Artist: Daniel Bonilla-Vera, Dalia Banuelos
Media: Photographs, yarn, clothes
Gallery: CSULB School of Art, Dr. Maxine Merlino Gallery
Instagram: @dbvqp, @deliaeffect
About the Artist
Daniel Bonilla-Vera and Dalia Banuelos are both students at the California State University of Long Beach. Unfortunately, Dalia was not at the Art gallery to talk, so this essay will mainly focus on Daniel and his views. Daniel, originally from the Central Valley, is currently a senior at CSULB trying to pursue his undergraduate degree. Daniel is a Studio Arts major, although that is not what he wants to do. Back in high school, Daniel enjoyed both music and photography. That being said, those were the two careers in which he could choose from. Although enjoying both, Daniel decided to try and pursue photography. In high school, he took a photography class which caused him to fall in love with it. Unfortunately, for both Dalia and Daniel, their applications were rejected by CSULB’s photography program. For Dalia, it will have been her 2nd rejection, meaning she cannot apply again. However, for Daniel, there is still hope as he has one more chance to pursue his dreams.
When first walking into the room, you will probably notice a lot of pictures and yarn. There are pictures all over the walls, with black yarn strung up around half of the room. According to Daniel, one side of the room contains his photographs, while the other contains Dalia’s, with both having pictures at the end of the room. In one corner, you also see a trashcan with photos inside of it. At the end of the room on the floor, there are also what seem to be like two people. The people are not real, but whatever they are, they are wearing real clothes. One of them is lying in a little corner, while the other is on their knees in the center of the room. Above them, there are pictures hanging off of the yarn and along the walls. The room is also very dark, so it gives kind of a depressing mood.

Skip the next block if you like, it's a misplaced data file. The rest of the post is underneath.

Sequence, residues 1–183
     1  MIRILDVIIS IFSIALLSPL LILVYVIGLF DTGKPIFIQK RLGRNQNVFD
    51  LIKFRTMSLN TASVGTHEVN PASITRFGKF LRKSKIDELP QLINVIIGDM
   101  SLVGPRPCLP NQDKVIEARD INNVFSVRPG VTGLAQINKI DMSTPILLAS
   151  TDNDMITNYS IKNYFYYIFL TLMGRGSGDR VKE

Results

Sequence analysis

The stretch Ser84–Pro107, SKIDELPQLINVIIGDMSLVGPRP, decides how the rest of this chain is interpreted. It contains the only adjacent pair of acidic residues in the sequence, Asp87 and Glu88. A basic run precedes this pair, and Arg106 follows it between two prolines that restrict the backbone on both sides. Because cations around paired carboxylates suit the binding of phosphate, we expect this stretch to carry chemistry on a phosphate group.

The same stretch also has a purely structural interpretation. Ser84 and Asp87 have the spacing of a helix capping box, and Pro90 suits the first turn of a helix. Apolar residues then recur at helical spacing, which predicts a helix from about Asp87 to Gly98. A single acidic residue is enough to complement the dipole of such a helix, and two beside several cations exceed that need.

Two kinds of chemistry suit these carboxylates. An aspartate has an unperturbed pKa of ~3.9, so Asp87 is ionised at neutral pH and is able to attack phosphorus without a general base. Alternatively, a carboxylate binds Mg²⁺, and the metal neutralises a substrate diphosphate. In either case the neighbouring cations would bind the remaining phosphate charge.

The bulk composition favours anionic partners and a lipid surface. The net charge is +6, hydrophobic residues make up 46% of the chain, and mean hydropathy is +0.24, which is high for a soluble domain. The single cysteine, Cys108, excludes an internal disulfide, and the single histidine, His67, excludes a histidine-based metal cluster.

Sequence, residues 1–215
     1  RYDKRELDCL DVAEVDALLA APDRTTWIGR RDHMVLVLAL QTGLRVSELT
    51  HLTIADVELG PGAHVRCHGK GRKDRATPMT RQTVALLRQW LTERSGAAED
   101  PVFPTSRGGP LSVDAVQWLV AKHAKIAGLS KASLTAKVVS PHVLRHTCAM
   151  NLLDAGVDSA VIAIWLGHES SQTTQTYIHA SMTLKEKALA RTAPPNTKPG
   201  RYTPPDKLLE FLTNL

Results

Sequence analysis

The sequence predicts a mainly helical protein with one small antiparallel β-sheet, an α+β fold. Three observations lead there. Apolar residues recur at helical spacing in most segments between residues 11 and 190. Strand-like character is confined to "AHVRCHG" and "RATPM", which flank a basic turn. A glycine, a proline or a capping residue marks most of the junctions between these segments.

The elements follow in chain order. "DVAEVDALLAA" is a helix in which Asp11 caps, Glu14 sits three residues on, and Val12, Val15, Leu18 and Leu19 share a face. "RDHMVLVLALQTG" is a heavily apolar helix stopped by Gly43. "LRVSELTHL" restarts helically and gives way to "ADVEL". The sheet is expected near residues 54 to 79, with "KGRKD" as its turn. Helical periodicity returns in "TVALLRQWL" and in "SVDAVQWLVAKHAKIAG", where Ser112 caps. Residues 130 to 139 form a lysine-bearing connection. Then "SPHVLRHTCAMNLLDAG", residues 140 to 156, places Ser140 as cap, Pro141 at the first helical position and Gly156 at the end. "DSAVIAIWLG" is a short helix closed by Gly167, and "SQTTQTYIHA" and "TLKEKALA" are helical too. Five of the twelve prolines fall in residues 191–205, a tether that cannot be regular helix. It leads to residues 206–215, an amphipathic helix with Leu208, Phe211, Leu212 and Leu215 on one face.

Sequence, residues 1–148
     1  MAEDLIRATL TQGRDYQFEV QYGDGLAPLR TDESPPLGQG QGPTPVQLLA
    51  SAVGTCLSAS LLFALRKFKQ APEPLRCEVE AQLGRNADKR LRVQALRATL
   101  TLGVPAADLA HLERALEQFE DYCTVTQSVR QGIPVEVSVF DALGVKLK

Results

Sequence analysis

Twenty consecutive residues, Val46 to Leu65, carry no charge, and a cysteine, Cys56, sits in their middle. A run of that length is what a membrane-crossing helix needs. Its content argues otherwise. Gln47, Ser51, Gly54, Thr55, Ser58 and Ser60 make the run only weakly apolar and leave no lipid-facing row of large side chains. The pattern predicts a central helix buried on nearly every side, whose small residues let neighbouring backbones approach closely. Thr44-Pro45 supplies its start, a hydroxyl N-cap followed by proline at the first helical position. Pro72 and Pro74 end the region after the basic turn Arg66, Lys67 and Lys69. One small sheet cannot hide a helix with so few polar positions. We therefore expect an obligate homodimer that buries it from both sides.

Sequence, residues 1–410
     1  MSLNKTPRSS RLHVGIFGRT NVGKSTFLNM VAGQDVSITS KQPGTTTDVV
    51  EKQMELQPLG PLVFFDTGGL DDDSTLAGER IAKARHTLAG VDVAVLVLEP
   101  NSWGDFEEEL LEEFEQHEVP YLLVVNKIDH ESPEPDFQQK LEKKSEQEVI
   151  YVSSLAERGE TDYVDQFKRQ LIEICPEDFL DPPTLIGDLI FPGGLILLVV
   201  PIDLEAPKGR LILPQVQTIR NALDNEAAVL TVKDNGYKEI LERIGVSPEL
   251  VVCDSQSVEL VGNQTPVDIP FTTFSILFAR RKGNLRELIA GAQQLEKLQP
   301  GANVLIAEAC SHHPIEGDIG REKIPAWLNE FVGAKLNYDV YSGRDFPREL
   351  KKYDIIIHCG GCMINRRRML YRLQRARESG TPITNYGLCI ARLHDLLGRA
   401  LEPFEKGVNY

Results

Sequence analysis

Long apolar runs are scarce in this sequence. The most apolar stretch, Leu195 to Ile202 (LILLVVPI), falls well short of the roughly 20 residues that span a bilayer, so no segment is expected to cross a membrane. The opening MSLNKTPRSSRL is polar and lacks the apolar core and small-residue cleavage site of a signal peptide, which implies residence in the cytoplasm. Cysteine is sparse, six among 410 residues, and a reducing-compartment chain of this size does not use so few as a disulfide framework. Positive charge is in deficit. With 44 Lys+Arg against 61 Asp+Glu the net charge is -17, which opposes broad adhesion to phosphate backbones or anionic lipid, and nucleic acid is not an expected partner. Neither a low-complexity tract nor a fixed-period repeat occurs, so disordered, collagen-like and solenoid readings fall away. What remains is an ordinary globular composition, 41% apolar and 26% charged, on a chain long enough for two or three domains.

The title of the gallery is Infraction, which has the definition of disregarding laws and rules. In a way, this gallery is Daniel and Dalia’s attempt at showing their disregard and frustration towards CSULB as an institution. The two bodies in the gallery represent both Daniel and Dalia. All of the photographs in this gallery were their rejected works, which is interconnected with the black yarn. The yarn is that color because Dalia likes black, but it also adds to the overall atmosphere of frustration and negativity. If you were to follow the yarn, you would realize that only one whole string is used. You would also be able to see that it ends up in the trashcan. This symbolizes how all of the art and photographs were meant to be in the trash, according to the institution.
When I first walked into the gallery, I was honestly a little weirded out by how the room felt. I had no idea what any of it meant. After listening to Daniel speak and explain the thought behind the whole thing though, it truly did not seem weird at all. What Daniel and Dalia felt is what I think most of us have felt at some time in our lives. Frustration and anger is a hard thing to get away from once it hits you. Through the gallery and hearing Daniel speak, people can truly sympathize with what he has to say and the meaning behind his art. Daniel and Dalia both do a wonderful job on constructing a piece of art that conveys their emotions in a way that other people can appreciate and relate to.